Is the guy who cut you up on your commute and nothing came of it, really important? Is the mug that has have been sitting in the sink for two days really important? Not really. Don’t waste your time stressing about them.


If you have to do something, focus on one task until it is completed. Multitasking does not work. You just do several jobs badly. If you do get distracted, bring your mind back to the task and refocus.


I am yet to try this, but it comes up time and time again as a habit that can improve your mental health and reduce stress. Journaling focuses the mind on the present, whilst providing reflection and gratitude. You can try the traditional paper-based method or used an App on your phone. There are the 5-minute journal, Grid Diary and plenty of others. (Yes, I realise it goes against the message to put your phone down)

Be joyful and grateful

Rach Jubilee

There are lots of things in life that are incredibly harsh and awful but if you are reading this you are probably lucky in a lot of ways. Remember how lucky you are. If you need a prompt, find what it is and put it in a prominent position. Mine is a photo (above) on my fridge of my beautiful friend Rachel who died of cancer in 2015. It reminds me of my friend and that I should be grateful for my health.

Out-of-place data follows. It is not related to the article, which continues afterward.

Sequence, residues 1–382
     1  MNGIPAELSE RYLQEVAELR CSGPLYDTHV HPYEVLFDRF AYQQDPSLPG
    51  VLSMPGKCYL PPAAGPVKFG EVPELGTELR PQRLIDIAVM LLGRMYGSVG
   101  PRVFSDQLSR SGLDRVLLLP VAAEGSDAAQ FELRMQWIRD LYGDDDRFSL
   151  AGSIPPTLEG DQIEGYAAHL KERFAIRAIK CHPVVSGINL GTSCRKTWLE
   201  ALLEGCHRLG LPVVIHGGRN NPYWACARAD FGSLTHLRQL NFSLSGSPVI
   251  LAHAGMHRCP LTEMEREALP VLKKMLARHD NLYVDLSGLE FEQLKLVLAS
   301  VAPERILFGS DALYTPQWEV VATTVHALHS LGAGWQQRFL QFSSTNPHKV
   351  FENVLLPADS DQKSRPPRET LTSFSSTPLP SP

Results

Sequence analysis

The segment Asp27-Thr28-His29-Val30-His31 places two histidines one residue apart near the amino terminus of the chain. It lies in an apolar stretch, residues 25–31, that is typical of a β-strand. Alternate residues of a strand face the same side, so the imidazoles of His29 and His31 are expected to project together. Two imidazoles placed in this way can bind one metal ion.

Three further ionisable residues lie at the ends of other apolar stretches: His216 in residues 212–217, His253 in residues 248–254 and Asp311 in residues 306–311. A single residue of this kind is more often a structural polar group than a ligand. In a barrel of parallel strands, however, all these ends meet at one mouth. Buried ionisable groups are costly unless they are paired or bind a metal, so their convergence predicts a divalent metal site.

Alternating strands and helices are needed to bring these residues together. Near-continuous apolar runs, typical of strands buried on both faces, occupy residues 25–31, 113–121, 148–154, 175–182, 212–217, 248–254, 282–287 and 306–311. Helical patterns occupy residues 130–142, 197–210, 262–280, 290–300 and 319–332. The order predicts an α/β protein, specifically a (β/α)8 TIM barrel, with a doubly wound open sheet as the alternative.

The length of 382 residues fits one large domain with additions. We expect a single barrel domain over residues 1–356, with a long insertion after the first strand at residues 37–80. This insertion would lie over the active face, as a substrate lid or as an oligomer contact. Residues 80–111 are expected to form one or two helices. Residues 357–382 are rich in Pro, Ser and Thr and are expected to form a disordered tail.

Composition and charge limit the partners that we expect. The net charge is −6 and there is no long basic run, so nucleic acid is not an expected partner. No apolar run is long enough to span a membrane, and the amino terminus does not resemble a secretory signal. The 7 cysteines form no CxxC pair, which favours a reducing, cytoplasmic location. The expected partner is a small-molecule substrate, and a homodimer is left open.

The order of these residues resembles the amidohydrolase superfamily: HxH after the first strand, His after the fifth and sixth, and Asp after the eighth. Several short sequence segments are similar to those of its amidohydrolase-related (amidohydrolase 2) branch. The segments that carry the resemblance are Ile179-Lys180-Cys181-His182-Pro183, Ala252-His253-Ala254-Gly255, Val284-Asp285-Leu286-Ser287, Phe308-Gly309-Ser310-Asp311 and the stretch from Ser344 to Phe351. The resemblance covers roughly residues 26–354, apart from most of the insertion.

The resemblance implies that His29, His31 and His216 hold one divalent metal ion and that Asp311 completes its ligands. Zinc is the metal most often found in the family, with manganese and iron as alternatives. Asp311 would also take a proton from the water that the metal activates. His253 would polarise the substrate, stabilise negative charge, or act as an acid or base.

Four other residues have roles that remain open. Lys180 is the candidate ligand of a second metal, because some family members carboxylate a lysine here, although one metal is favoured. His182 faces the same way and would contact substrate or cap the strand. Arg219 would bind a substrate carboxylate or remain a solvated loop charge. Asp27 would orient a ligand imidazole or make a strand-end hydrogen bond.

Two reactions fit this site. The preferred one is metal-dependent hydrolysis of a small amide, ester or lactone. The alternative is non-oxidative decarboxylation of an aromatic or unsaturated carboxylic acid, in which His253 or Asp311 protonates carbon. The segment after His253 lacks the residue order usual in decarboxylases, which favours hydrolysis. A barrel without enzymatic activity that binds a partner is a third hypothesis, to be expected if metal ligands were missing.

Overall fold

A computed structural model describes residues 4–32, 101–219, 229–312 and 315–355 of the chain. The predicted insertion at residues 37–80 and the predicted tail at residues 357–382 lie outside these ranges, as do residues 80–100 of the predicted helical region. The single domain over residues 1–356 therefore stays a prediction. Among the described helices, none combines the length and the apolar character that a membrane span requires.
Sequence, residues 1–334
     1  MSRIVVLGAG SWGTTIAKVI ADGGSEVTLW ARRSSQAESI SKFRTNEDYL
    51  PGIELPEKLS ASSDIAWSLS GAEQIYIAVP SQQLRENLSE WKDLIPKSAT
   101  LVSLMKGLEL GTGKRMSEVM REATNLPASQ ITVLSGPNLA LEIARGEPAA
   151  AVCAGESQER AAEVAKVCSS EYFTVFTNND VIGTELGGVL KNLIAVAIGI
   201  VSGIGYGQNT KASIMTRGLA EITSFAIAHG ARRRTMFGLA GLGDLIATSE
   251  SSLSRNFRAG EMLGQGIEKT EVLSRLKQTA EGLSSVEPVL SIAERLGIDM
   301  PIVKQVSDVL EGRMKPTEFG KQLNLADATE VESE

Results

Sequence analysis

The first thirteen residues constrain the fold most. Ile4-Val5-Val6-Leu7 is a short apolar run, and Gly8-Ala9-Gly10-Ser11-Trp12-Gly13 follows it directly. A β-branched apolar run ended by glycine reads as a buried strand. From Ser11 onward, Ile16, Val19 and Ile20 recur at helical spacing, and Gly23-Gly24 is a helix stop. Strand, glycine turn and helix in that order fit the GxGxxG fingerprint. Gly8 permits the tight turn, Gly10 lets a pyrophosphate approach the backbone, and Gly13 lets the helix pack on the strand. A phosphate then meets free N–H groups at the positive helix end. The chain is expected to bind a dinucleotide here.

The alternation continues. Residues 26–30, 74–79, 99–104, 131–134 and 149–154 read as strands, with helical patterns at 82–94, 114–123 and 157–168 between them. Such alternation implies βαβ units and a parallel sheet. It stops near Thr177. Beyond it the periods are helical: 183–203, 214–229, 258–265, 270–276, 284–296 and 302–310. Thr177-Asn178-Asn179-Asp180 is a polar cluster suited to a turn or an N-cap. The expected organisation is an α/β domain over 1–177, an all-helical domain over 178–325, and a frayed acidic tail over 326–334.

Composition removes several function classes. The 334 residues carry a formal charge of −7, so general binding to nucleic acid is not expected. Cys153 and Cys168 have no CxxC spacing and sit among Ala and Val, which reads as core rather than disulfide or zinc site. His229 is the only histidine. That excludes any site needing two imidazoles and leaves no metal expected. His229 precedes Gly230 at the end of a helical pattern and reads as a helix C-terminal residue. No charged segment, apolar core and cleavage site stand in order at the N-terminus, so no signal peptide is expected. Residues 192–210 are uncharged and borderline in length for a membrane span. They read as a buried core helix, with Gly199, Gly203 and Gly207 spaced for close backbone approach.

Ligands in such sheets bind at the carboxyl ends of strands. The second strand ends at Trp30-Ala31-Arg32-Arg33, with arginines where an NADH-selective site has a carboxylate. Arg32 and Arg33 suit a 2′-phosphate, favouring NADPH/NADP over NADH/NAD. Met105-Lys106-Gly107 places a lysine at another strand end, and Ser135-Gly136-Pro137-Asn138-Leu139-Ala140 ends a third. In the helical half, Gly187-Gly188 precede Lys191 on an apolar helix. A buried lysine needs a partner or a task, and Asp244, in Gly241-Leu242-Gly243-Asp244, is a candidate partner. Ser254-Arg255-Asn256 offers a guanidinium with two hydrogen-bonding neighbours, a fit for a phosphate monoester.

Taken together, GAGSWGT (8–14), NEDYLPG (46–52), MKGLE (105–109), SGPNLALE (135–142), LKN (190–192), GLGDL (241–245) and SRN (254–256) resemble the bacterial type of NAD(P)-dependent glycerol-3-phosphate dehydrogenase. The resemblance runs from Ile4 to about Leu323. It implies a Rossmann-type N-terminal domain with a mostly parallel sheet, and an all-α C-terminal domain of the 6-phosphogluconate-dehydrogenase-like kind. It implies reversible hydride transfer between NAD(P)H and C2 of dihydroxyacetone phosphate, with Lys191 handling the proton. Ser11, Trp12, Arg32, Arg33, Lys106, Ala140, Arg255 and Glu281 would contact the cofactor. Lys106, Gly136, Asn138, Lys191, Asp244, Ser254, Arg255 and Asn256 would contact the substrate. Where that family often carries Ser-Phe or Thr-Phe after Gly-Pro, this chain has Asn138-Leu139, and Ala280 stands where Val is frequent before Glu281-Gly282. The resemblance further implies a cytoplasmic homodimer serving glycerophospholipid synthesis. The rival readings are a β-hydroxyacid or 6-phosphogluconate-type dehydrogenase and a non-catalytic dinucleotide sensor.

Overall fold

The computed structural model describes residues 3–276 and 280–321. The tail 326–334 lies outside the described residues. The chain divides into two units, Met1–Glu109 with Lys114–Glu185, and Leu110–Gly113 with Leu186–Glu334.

Do the things you enjoy

Have you ever had this or a similar conversion with a friend or partner?

“Why is it that we never do that thing we used to do and that we really enjoyed doing?”

It’s probably that you got sidetracked by a million and one other things. Many of them, very possibly legitimate that come with two arms and two legs!

It doesn’t have to be huge. I love going for a walk on Wimbledon Common as the sun goes down and the air gets chilly. It feels so peaceful and I feel so calm. I recently moved 1 mile further away from the Common. Now I rarely go. It’s only a 20-minute walk or a 2-minute drive. I can get there! Remember it what it is you enjoy,  how it makes you feel and go do it!

Lighten up

Modern life is frenetic. It can sometimes get very serious. Sometimes serious is required, but not always. The stories you will tell in the coming years will be about those funny little things that happened along the way. Be present in those moments, enjoy them and soak them in.

I moved into a new house in Birmingham years ago with my girlfriend at the time. You know the scene, boxes everywhere, no space to put anything. There was nowhere to sit and eat so we put our dining table together and put in the kitchen. It had no right to be there due to it being far too big for the room. We could hardly move and in hindsight was a terrible decision. We were eating £1 pizza from Lidl and drinking cheap Prosecco. One of us sitting on a step and one on a folding chair. Then the kitchen cabinet swung down from one of its screws and landed on the kitchen worktop. At this point, we considered the scene (no one injured), looked at each other and burst out laughing. Of all the lovely meals and dinners parties we had in that house, this is the one I remember most fondly.

If you have a life plan, stay patient. Enjoy the process. Where you are today, you are never going to be again. The future is great, but you are not there yet.